The opening film was recently shown at SXSW (South by Southwest) as part of their programming and I had many friends who praised it so I was pleased to do so as part of the opening festivities here in Atlanta.
MUD is the latest from Arkansas director Jeff Nichols and he, along with cinematographer Adam Stone, do an excellent job of capturing the sounds, textures and people of an area of the United States usually reserved for either disdain or bad Bill Clinton jokes.
Nichols’ film takes us to places so small they barely have names; where the people live hand-to-mouth (Ray McKinnon’s character Senior makes his living selling fish door-to-door) and to many eyes would be considered poor or white trash.
However, there’s no shame in any of it. It is just the way it is, simple. Simple too is the idea of love conquering all. The idea that your parents will be together always. That every bit of movies, books and television’s tales to us over and over of love making things work out in the end is true. These are the things that young Ellis (Tye Sheriden) just knows to be true. Wants to be true.
Because when he and his best friend Neckbone (man, what a great name), played by Jacob Lofland, find first a boat in a tree, and then later the man named Mud (which is not as cool a name as Neckbone) who has laid claim to their prize… well, love is why he is hiding out on a small island in the Mississippi. Capital “L” love, no less. Mud, (Matthew McConaughey) is a man on the run after actions done in defense of his beloved Juniper (Reese Witherspoon, in a small and restrained role) have brought the family of the man he wronged down on his head.
Ellis’ longing for love to be real and tangible is clear on his face. It is the crushing disappointment in the straits of his parent’s marriage removing the foundation (not just figurative but literal) out from under him if his mother leaves and the houseboat they live on and make a living from is being destroyed. It is assuming one small kiss makes an older girl his girlfriend. It is doing whatever he and Neckbone can to help Mud fix the boat so he and Juniper run away together.
It is not hearing from Tom Blankenship (a friend of Mud’s) that Juniper has broken Mud’s heart for decades and that he keeps going back for more with futile gestures. It is not being reminded that he’s only 14 and therefore doesn’t know what “love” is. Sheridan and Lofland (whose film this is as much as McConaughey) have their emotions as plain as day all over their faces.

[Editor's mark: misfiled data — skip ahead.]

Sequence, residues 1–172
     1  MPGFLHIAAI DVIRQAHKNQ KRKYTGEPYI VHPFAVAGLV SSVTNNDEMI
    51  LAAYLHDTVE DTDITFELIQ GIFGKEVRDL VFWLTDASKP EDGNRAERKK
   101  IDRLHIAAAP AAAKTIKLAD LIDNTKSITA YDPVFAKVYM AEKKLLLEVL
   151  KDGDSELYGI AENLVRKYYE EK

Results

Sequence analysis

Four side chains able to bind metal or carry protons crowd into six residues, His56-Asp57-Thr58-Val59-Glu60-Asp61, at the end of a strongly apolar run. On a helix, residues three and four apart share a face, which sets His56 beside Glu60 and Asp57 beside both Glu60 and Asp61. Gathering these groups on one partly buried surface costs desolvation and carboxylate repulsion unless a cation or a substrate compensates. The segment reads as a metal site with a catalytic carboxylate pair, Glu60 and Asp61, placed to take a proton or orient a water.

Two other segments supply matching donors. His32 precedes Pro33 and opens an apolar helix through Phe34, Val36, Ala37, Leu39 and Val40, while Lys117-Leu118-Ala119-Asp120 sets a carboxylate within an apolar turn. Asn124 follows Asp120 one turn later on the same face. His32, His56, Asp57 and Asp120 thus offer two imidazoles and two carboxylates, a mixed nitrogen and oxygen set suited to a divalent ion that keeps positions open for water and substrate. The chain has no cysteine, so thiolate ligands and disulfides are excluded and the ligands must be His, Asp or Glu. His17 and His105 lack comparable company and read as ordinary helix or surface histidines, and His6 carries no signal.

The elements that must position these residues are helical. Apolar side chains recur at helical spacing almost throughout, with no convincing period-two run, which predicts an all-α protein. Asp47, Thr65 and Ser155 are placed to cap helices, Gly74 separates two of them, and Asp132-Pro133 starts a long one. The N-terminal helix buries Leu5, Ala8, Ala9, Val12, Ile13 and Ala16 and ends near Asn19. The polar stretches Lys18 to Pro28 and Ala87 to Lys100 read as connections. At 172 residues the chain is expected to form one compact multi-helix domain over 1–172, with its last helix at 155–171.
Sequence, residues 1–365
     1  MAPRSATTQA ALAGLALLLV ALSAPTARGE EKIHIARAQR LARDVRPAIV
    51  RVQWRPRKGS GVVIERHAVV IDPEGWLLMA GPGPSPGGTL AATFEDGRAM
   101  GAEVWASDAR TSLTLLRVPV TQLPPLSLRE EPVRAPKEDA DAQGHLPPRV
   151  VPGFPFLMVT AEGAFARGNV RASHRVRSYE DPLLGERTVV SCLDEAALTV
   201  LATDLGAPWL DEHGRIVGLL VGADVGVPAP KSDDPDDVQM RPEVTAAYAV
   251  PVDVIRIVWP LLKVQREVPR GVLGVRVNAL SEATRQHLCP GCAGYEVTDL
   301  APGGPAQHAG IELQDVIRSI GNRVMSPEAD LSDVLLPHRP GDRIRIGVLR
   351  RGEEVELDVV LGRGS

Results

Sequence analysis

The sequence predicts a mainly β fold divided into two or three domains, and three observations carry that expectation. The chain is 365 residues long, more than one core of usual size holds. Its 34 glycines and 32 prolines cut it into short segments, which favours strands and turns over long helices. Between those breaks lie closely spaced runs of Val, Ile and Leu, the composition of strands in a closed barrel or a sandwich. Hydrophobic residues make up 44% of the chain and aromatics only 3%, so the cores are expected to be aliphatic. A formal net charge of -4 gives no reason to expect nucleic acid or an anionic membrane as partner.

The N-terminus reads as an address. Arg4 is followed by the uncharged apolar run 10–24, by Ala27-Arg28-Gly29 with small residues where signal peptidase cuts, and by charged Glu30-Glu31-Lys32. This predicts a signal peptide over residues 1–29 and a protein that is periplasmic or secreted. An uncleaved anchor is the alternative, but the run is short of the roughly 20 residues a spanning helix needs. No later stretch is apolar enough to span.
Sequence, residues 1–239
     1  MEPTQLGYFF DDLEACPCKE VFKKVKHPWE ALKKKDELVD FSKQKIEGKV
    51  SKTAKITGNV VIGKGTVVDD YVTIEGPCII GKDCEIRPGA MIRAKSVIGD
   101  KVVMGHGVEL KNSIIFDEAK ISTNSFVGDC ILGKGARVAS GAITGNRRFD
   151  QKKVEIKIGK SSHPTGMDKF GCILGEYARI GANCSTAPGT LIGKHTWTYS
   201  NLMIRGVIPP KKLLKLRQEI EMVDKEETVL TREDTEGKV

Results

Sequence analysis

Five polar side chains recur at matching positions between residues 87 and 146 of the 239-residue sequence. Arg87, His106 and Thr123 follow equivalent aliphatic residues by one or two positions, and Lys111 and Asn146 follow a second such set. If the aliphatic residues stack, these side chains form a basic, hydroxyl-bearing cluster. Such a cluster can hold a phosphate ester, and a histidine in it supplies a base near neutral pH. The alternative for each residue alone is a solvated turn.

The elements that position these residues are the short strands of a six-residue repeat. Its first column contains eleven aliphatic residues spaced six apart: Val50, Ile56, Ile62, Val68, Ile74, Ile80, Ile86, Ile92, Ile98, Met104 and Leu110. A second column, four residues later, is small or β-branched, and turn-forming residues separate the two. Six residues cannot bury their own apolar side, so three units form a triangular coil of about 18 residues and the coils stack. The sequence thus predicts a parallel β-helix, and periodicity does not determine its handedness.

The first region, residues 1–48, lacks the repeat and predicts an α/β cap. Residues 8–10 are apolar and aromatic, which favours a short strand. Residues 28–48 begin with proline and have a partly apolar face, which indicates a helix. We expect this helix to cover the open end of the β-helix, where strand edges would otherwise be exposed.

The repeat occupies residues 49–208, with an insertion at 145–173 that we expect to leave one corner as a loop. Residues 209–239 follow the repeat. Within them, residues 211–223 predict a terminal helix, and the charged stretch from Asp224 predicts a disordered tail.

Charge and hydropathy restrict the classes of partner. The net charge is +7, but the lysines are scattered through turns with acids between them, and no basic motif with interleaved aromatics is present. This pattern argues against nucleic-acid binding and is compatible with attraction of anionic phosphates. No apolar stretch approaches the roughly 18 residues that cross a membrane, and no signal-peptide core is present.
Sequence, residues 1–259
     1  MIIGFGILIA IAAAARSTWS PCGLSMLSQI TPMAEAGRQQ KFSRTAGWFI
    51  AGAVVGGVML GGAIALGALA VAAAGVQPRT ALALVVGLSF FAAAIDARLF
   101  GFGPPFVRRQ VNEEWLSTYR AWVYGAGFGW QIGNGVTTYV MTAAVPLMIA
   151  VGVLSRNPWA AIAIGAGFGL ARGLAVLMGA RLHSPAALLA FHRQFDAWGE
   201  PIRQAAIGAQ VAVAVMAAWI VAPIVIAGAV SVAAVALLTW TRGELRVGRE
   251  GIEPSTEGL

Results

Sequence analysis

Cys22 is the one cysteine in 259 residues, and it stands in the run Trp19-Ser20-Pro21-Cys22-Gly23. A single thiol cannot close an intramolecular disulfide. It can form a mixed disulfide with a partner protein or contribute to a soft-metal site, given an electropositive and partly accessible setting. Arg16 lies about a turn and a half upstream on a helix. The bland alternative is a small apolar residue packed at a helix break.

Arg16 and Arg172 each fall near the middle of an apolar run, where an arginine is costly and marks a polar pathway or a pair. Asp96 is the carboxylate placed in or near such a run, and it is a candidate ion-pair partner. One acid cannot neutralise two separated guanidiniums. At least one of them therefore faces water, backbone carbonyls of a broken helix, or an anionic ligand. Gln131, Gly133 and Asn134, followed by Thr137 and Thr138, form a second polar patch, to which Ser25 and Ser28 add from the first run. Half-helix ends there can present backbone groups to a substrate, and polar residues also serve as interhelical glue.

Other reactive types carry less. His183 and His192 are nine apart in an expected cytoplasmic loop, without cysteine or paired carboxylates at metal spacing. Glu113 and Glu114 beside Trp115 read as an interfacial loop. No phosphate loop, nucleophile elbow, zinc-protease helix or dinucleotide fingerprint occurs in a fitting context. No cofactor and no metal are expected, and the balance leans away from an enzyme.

You can’t just “love”, Ellis. It’ll up and run out on ya. — Senior
Neckbone lives with his uncle Galen (Michael Shannon) , who while not his parent, does the best he can for the boy. It is nice to see Shannon in a non-menacing role for once and there are surprising bits of humor from him and throughout the film itself. Neckbone secures the deal to help Mud get the boat into the water but forgets a crucial part of the deal to his own dismay and the delight of the audience.
While you think perhaps that Neckbone is not as smart or as gentle as Ellis, you are wrong. He is just a bit harder and perhaps smarter in the self-preservation department. Lofland’s performance here is every bit of nuanced as Sheridan’s and I look forward to watching these two young men grow up on screen in front of us. I can only hope they collectively keep the street savvy and faith in others that their characters spill out on the screen.
Perhaps it helped that Ray McKinnon, playing Ellis’ dad Senior was in the audience. When I chatted with him briefly on the red carpet before the screening he explained that his character is a bit of an anachronism; unwilling or unable to change and leave the river and work-life that is all he’s known. He apologized for being late to the premier (as everyone had waited for about an hour)
I asked if they had had time to workshop this film…to get to know these characters very well?
He had mentioned that Nichols had written Senior with him in mind, and that he didn’t want to be the one who ruined the film.
McKinnon: Jeff believes, and so do I in rehearsal. So he built in some time to the shooting schedule and brought in both boys a couple of weeks early.
H: So it wasn’t just a few days out?
McKinnon: No, no. So they got to be in that environment. They’re both country boys, so it wasn’t completely foreign to them. He brought me in so I could be mean to ‘em. (laughs)
H: So you practiced being mean? Did you have younger siblings to practice on?
McKinnon: I have two older sisters. But I am an observer of human nature as I go about my journey.
That was all the time I had due to the lateness of the hour (and that the folks ahead of me had like 30 questions) so we had to cut it short.
I found out during the opening night welcome speech that Ray had never seen the finished product either, so he would be watching with fresh eyes like all of us. He ended up just across the aisle from me, and I could hear him chuckling along with the crowd. A few times there were small exclamations of ‘aha’ or the like… marveling at director Jeff Nichols’ final vision for MUD.
The Tale of Mud and Juniper could be its own kind of southern folk tale – something told ‘round bonfires to bring good luck all up and down the Mississippi. And that is as it should be. Tales of love, and struggle and sometimes maybe even triumph do go well with s’mores, after all.
Big thanks to Johnathan and Lindsey from Allied and the Atlanta Film Fest for making this happen. You can find me on the tweety here.